Schumann – Symphony No. 4 in D-minor, Op.120

by Max Derrickson

Robert Schumann     (b Zwickau, Germany, June 8, 1810; Endenich,Germany, July 29, 1856)

Symphony No. 4 in D-minor, Op.120
1. Zeimlich langsam – Lebhaft
2. Romanze: Ziemlich langsam
3. Scherzo: Lebhaft
4. Finale: Langsam – Lebhaft

[. . .]

His second full symphony was his D-minor.  Schumann withheld it from publication for another ten years, however, and in the meantime seriously revised it.  When it at last came to be published, it was given the later opus number and the No. 4 in sequence – this is the version performed on this program.

Schumann was a Romantic composer who possessed a keen appreciation of those who came before him.  Two of his greatest musical heroes were Bach and Beethoven.  Symphony No. 4 bears hallmarks from each – from Bach comes a hefty concern for counterpoint and from Beethoven, its psychological weight.  But Schumann’s creative genius bears its own mark thoroughly in this extraordinary symphony.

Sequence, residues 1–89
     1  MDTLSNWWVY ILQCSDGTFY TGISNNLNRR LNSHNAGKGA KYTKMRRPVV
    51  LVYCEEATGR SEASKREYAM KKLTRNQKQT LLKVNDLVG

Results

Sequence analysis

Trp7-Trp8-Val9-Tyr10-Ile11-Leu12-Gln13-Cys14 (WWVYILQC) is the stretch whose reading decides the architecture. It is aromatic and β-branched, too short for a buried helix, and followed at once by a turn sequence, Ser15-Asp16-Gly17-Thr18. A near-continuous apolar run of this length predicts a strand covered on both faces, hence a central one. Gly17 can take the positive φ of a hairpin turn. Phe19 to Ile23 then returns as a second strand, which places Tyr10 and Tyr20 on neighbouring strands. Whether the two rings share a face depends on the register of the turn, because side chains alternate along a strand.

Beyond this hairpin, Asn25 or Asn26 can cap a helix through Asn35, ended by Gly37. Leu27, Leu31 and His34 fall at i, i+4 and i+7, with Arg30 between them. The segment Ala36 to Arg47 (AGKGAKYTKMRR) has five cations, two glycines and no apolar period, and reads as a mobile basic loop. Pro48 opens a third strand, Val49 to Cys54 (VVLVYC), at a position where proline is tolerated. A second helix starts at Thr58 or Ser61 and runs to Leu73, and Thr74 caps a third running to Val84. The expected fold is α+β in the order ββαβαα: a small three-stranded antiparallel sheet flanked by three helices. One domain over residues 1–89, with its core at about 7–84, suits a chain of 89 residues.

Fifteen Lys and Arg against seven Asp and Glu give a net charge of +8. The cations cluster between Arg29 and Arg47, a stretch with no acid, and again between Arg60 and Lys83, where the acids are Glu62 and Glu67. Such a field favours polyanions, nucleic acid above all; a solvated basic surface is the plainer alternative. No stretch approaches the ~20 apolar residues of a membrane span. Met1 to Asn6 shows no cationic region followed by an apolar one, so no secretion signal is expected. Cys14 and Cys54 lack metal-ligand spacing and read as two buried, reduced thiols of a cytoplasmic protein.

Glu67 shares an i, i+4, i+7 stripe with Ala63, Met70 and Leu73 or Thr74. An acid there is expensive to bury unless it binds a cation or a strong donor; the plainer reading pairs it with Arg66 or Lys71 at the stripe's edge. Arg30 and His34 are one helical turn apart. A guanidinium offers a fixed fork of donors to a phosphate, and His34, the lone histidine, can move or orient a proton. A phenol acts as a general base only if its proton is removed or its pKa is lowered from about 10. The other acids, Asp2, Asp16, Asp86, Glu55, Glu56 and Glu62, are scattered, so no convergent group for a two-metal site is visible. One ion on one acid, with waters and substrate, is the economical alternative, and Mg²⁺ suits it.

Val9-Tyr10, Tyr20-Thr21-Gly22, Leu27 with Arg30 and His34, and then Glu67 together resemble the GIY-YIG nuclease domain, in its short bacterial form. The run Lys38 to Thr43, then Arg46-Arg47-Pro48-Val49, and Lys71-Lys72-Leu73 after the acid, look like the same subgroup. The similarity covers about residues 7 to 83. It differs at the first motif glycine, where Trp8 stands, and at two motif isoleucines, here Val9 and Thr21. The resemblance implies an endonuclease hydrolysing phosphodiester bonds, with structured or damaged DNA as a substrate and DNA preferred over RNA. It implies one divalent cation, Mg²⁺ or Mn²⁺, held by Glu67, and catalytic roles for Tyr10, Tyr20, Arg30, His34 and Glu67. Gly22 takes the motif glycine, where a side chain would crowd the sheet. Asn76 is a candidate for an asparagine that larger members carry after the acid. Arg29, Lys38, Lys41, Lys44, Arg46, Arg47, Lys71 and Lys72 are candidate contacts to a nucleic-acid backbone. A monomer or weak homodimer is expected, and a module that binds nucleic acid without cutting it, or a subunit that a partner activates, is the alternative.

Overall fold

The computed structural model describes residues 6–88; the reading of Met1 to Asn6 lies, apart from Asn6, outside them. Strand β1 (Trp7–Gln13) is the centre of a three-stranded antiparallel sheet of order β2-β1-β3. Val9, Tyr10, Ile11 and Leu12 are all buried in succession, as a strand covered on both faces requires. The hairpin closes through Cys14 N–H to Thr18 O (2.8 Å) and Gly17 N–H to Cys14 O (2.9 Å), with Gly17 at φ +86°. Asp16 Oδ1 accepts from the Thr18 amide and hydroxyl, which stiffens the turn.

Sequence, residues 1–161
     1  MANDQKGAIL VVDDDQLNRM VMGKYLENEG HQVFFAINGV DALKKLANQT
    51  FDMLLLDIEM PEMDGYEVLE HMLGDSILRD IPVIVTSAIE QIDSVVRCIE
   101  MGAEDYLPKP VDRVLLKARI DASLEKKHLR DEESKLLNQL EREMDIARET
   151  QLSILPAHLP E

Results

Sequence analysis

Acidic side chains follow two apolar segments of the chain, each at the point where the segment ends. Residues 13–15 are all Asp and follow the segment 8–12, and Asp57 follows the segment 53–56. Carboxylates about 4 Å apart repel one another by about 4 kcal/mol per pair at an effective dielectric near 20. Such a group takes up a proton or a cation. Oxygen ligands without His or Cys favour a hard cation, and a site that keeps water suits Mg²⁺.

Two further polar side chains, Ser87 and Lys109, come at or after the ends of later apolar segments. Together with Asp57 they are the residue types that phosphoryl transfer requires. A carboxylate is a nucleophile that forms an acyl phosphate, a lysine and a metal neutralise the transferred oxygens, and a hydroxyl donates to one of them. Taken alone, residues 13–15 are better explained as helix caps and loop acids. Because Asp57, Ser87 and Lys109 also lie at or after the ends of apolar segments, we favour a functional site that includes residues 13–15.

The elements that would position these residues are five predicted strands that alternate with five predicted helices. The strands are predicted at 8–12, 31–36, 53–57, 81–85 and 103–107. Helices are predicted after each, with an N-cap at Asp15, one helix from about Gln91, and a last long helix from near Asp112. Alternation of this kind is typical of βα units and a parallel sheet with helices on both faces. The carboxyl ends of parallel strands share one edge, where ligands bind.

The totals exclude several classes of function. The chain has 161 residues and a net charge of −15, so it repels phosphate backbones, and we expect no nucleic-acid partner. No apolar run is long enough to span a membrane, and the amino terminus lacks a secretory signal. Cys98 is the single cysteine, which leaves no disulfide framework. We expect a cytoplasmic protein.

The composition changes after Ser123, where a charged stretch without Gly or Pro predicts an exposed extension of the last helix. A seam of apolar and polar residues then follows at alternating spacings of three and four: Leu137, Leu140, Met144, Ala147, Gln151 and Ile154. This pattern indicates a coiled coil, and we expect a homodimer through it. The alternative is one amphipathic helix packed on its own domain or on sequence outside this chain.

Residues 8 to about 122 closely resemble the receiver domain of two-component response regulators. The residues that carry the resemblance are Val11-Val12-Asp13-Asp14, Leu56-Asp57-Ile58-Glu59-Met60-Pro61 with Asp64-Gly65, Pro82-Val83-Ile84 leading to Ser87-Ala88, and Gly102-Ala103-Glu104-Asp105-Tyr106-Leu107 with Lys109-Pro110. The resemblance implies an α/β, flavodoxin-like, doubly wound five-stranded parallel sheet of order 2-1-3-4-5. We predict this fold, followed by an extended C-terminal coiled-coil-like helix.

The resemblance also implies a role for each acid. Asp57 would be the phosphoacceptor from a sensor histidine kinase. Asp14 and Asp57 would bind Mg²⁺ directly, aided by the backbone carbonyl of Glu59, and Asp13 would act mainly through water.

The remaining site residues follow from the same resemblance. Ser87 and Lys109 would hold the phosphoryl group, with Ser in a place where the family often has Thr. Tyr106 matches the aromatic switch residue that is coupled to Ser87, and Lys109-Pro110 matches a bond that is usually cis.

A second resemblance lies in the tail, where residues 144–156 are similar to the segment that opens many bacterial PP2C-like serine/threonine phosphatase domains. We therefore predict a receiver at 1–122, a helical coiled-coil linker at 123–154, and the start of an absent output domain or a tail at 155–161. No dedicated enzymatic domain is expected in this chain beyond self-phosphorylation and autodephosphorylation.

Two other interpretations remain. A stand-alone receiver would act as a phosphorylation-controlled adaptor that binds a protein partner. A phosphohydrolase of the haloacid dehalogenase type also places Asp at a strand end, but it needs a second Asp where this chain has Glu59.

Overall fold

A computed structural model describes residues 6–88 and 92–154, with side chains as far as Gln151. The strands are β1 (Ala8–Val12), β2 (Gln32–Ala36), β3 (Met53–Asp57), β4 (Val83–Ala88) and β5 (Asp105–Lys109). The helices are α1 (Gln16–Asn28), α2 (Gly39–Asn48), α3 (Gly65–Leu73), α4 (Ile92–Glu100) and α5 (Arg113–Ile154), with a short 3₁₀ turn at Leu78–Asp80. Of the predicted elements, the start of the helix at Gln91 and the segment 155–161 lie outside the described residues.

The slow introduction to the first movement is indeed a weighty and dark affair.  A slow, brooding motive appears in the strings, a restless and somewhat tortured theme – something that easily precursors Bram Stoker’s Dracula by about 50 years.
[. . .]

The second movement is a work of astounding originality.  The first chord (which is also the first chord of the first movement) reminds us of Beethoven’s opening to the Allegretto movement in his Symphony No. 7.  Then, a theme is introduced that is entirely reminiscent of Renaissance carols – a burnished and lovely antiquity is evoked.
[. . .]

It’s unfortunate, perhaps, that one of the revisions that Schumann made to this Symphony was to remove a part for guitar in the second movement, but another, larger change, was to have all movements be played without break.  This certainly added to the wonderful surprises that occur with the beginning of the next movement, the scherzo, and its magical flow into the finale.